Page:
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Tehelka has invested heavily in hard hitting investigative reporting and has pushed the boundaries of editorial content further than most…" says BBC. "Tehelka is a delightful Urdu word, difficult to translate. It refers to that special kind of tumult provoked by a daring act, or a sensational piece of writing. And Tehelka has certainly lived up to its name…" Time On January 31, 2004. After more than two years of persecution, Tehelka was reborn as a weekly newspaper committed to constructive, crusading journalism. As a people's paper geared to take a stand, to follow the hard investigative story. A fearless paper ready to create opinion, and not just remain a passive vehicle of news. Over the years, Tehelka has firmly established itself as a people’s media choice. With public interest journalism, serious opinion and analysis, Tehelka has earned unmatched credibility and brand recall. It has very quickly established an enviable reputation — national and international — for the quality of its reportage, the eminence of its writers, and the refinement of its analyses and ideas. As a premium English weekly, Tehelka, increasingly, influences almost every opinion leader and decision maker in the country. Tehelka, earlier in a tabloid size, is now in a weekly magazine format. The magazine format only means a more compact and elegant design — the core values of public interest journalism and literary writing remain unchanged. Tehelka, India’s fastest growing English language weekly, in its new format is poised for a dramatic up scaling of visibility and readership. This follows repeated demand by readers to switch to a magazine format, since the contents of Tehelka are seen to have much more shelf value and depth than a newspaper. This format with its easy size allows for longevity and high pass along readership, a necessary attribute given the depth and quality of writing in Tehelka. For ardent readers, the switch to a magazine has enhanced the positive values already inherent in Tehelka. The new look Tehelka may be smaller in format but is much bigger in impact. Also brighter, crisper, more unputdownable. In the seven years since it was born, Tehelka has stood the test. Its courage under fire is well-known. But most importantly, it has brought back into hard focus the two most crucial pillars of a free press: public interest and the appetite to question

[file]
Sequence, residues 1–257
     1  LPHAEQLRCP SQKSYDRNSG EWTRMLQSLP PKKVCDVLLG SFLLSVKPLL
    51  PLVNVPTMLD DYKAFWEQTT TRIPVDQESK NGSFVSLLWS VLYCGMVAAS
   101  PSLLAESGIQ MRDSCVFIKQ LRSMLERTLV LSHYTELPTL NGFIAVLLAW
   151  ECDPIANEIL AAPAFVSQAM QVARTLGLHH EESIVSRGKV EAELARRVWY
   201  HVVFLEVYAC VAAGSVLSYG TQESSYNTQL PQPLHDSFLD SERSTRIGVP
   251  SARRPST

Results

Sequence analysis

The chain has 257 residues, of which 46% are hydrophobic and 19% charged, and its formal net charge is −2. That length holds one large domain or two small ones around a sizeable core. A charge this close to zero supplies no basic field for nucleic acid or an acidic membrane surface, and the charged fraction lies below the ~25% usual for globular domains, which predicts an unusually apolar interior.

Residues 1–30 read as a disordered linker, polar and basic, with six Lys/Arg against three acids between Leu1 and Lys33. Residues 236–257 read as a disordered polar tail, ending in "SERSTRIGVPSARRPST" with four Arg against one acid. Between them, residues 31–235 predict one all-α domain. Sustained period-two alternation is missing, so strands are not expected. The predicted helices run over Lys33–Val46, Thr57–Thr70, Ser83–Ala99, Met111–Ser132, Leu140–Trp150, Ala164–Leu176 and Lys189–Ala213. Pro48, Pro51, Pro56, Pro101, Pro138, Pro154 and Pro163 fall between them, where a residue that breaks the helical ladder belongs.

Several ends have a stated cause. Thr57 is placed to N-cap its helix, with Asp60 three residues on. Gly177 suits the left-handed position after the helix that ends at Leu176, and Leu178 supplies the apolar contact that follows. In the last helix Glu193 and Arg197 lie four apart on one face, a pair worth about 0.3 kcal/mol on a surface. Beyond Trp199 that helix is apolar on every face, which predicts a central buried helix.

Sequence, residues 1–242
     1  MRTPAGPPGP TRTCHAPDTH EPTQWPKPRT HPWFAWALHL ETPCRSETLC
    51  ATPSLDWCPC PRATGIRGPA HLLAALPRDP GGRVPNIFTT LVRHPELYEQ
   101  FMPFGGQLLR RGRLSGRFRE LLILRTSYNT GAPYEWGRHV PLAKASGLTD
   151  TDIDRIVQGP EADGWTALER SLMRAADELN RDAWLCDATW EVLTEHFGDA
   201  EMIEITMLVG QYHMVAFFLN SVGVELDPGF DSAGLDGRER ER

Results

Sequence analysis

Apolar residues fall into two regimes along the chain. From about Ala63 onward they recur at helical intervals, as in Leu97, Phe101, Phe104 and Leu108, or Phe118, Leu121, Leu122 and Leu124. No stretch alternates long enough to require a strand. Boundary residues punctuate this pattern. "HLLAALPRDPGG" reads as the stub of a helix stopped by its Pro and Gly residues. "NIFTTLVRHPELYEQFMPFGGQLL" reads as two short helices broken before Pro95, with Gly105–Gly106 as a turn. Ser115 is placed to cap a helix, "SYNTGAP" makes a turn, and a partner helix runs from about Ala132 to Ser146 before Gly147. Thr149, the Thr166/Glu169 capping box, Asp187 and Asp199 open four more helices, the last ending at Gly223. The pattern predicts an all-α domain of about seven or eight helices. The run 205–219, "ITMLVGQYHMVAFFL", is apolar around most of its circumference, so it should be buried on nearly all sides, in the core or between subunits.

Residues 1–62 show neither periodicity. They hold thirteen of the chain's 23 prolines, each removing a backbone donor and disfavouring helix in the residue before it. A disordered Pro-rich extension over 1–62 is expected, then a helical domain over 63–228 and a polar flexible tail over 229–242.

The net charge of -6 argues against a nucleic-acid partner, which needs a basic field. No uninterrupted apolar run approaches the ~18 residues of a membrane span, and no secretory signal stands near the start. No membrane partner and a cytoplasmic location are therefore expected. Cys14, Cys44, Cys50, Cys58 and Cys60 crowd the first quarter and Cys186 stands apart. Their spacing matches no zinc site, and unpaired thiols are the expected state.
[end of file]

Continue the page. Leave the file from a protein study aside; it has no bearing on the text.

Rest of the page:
[Cover story] When will the violations stop?: More cases of rape are being reported, yet insensitivity to the plight of the victim pervades police stations, hospitals, courtrooms and neighbourhoods. Ridhima Malhotra reports ((P-22-23)) [Also Read] China’s Taliban policy may endanger regional peace: Amidst China’s attempts to woo Taliban to sort its internal troubles and to destabilise India’s position, New Delhi needs to remain steadfast on its policy to strengthen the Afghan military writes Syed Nooeuzzaman (P-42-43) A lament for Mehbooba Mufti: Mehbooba Mufti risks losing her popularity and irking her party ranks by using New Delhi’s rule book to deal with the unrest in the Kashmir, writes Riyaz Wani (p-19) Celebrating Telangana Art: The political contours of the state carved out of the Andhra Pradesh may be new, but the roots of its art reach deep into the soil. (P 44)
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